Feeding Time

A dog the size of the ALH will need to eat about 2 1/2 to 4 cups of a good quality dry dog food each day, split into at least two meals. Amounts can vary from one dog to another because how large they are, active they are, their age, health and metabolism can all impact them. Make sure it has access to water at all times and that it is changed often so it is fresh.

How is the American Leopard Hound with children and other animals?

When the American Leopard Hound has been socialized well and trained it is able to get on well with children. It enjoys playing with them, is very affectionate too and is also protective of them. Make sure in fact that it does not become too protective as that can make rough housing between friends a thing of the past. Make sure children are taught how to touch and approach dogs in the proper way. It also gets on well with other dogs in general so taking them to a dog park is fine. However it has a high prey drive and that means it can be less calm around other small animals so correct poor behavior straight away from a young age. With strange small animals it is likely to try and chase them.

What Might Go Wrong?

Health Concerns

The ALH has a life span of about 12 to 15 years and is mostly a healthy dog. It can have issues with things like hip dysplasia, eye problems, hearing problems and ear infections. To avoid the eye and hearing problems it is important not to breed two merle or patterned dogs together. Double Merles are more likely to have more health issues.

Biting Statistics

When looking at reports of dog attacks causing bodily harm against people over 35 years in North America, there is no mention of the American Leopard Hound. It is aggressive when it is hunting against its prey but it is not, or should not be, in usual situations. It is very protective though, and should it perceive a threat and not have had good socialization it is possible it can overreact. It is also a fact that there are no completely safe breeds. All dogs have some potential to become aggressive or have a bad day even the more popular 'family' dogs. Make sure you get a dog that suits your lifestyle and commitment level and that you exercise it, give it the attention it needs, train and socialize it and you can lessen the risks.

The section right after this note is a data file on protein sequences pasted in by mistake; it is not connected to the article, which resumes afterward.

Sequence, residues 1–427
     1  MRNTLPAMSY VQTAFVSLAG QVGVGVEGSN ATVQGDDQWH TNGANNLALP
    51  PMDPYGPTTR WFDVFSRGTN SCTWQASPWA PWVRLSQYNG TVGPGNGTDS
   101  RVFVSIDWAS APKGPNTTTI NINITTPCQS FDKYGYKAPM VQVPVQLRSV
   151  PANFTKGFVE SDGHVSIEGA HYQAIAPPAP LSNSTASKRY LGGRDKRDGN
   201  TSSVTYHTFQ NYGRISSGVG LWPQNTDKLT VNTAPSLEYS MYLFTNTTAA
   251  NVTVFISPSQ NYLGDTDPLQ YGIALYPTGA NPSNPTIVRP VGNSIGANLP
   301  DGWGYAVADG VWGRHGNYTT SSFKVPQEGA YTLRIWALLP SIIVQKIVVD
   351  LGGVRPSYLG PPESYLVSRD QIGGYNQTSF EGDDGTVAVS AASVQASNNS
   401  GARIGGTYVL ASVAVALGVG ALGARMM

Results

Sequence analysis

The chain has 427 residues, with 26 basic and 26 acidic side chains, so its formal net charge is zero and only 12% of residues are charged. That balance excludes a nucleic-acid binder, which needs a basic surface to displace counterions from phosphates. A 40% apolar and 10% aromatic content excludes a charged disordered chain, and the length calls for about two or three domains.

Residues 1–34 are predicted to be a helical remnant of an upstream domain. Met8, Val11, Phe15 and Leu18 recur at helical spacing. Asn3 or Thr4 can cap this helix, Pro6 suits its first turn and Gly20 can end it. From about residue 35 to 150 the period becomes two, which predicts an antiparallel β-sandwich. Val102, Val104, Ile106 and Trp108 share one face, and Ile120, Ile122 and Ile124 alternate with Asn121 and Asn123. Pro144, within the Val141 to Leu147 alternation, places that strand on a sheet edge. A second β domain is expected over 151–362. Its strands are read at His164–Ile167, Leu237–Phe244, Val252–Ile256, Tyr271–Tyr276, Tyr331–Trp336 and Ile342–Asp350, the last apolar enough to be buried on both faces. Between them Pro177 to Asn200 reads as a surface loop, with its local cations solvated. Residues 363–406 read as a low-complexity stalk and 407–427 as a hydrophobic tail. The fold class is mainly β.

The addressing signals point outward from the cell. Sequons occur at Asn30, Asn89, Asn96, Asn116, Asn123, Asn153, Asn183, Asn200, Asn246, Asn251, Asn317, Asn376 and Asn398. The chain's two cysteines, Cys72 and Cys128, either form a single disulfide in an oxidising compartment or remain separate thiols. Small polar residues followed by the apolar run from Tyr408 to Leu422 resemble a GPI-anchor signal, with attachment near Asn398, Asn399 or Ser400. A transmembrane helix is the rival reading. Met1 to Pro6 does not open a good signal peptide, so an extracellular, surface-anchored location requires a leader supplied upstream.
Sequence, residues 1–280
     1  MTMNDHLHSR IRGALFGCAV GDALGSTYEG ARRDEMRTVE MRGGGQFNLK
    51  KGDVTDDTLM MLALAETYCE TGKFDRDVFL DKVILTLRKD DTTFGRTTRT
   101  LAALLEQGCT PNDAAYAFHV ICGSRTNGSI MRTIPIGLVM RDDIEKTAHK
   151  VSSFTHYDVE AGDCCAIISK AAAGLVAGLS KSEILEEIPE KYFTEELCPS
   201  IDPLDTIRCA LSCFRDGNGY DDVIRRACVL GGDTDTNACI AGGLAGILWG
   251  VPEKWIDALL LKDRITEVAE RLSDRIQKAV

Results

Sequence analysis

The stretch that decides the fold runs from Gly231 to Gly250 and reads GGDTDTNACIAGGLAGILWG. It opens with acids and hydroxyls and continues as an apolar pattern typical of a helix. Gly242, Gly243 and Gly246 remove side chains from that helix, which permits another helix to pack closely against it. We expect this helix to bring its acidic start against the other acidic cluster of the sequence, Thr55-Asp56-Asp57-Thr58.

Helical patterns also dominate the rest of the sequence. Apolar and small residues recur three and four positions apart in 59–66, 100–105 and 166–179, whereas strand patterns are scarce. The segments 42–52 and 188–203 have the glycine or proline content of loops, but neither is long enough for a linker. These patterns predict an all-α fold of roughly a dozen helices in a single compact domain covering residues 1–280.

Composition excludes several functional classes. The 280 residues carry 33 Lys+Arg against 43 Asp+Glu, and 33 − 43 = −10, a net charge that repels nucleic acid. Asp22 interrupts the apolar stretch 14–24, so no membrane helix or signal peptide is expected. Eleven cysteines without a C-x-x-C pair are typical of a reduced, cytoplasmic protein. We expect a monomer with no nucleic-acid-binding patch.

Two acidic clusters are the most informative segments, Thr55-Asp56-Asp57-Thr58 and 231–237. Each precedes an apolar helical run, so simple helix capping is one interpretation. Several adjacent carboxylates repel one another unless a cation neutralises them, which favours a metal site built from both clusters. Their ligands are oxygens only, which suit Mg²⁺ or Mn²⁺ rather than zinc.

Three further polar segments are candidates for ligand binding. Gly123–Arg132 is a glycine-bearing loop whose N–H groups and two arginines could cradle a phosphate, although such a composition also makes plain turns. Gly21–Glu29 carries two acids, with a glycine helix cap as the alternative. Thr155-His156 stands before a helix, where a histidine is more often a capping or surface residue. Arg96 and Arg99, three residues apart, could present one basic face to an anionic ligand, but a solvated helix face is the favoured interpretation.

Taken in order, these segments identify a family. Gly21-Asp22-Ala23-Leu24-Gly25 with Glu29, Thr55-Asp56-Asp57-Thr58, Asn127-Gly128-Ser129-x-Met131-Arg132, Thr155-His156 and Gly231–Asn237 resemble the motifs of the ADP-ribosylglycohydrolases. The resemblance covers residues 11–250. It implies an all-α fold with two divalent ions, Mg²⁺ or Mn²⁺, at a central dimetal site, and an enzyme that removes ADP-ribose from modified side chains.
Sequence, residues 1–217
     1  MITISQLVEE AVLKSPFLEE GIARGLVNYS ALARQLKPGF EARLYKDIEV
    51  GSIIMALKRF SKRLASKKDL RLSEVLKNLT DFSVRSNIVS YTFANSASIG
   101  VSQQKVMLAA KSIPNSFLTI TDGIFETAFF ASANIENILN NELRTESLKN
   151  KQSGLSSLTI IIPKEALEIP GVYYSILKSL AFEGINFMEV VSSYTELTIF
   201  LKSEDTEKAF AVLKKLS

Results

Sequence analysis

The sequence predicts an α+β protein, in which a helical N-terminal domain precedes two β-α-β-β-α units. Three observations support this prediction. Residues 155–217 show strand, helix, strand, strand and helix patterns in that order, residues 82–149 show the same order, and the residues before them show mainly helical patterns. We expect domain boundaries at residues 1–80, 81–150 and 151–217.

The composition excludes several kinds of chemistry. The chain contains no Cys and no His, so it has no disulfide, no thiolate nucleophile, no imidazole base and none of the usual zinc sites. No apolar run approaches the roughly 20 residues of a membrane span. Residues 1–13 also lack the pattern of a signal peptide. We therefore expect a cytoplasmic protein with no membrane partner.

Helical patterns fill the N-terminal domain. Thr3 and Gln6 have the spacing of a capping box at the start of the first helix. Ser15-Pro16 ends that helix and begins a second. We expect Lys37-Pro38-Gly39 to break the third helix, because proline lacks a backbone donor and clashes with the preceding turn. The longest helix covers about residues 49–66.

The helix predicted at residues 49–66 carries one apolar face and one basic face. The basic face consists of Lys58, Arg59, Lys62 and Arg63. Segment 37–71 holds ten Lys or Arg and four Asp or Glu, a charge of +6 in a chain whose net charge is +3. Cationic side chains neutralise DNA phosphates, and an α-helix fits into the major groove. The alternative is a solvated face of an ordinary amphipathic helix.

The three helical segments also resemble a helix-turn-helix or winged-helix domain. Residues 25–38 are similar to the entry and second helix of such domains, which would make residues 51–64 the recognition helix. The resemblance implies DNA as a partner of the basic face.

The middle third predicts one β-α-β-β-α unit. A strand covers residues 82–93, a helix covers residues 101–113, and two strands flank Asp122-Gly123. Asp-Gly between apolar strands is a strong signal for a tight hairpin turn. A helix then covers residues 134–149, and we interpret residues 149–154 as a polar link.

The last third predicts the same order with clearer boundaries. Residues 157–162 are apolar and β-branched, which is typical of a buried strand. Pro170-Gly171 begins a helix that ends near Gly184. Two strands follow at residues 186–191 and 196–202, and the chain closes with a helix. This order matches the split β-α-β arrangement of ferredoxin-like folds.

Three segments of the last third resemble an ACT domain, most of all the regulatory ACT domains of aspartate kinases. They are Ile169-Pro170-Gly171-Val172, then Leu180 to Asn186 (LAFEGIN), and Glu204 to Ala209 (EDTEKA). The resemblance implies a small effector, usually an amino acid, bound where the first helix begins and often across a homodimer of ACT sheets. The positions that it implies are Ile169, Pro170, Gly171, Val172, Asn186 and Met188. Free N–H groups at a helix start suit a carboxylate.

Your Pup’s Price Tag

The American Leopard Hound puppy is not going to be easily found as it is not a very common breed. From a decent breeder of pet quality dogs you can expect to pay $600 or more, but from a top show breeder that is going to go up by quite a bit. Spend some time finding a reliable breeder with a good reputation and avoid buying from less trustworthy places like pet stores, puppy mills or backyard breeders. While finding a purebred ALH is not likely in a local shelter or rescue if you are just looking for a companion dog please do consider checking yours out. Adoption can be between $50 to $400 and in that price initial health needs are usually dealt with too.

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As mentioned there are some initial costs to be aware of when you have your dog and have brought it home. You should make an appointment with a vet as soon as possible to have it check over, given a physical, have some blood tests done, shots, deworming, spaying or neutering and micro chipping. These will cost about $290. Then there are some things to get for the dog in your home like a crate and carrier, bedding, bowls and collar and leash. These are going to cost around $240.

Having any kind of pet means making sure you are financially able to properly take care of it including food, health care, training, toys and such. An American Leopard Hound will cost about $1000 or more a year. This covers about $485 for pet insurance and basic health care like tick and flea prevention, shots and check ups. Then another $245 a year should cover toys, basic training, license and miscellaneous items. Finally the rest, about $270 will be needed for a good quality dog food and dog treats.

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  • The American Leopard Hound is not a dog for just anyone. It is mainly used to hunt with, and if you are just getting one as a companion that is fine but be prepared to give it the activity and stimulation it needs. It works hard, is driven, smart and very energetic. It best in a home with a large yard or even better with land in a rural setting. It can be great in a family, with good socialization it gets along well with children and other dogs, and with really good support can learn to live with other pets if raised with them. It can be wary with strangers though and its protective nature needs to be watched to make sure it does not become over protective. If you are active, you hunt and you have experience with such dogs it could be a great hunting dog, companion and best friend.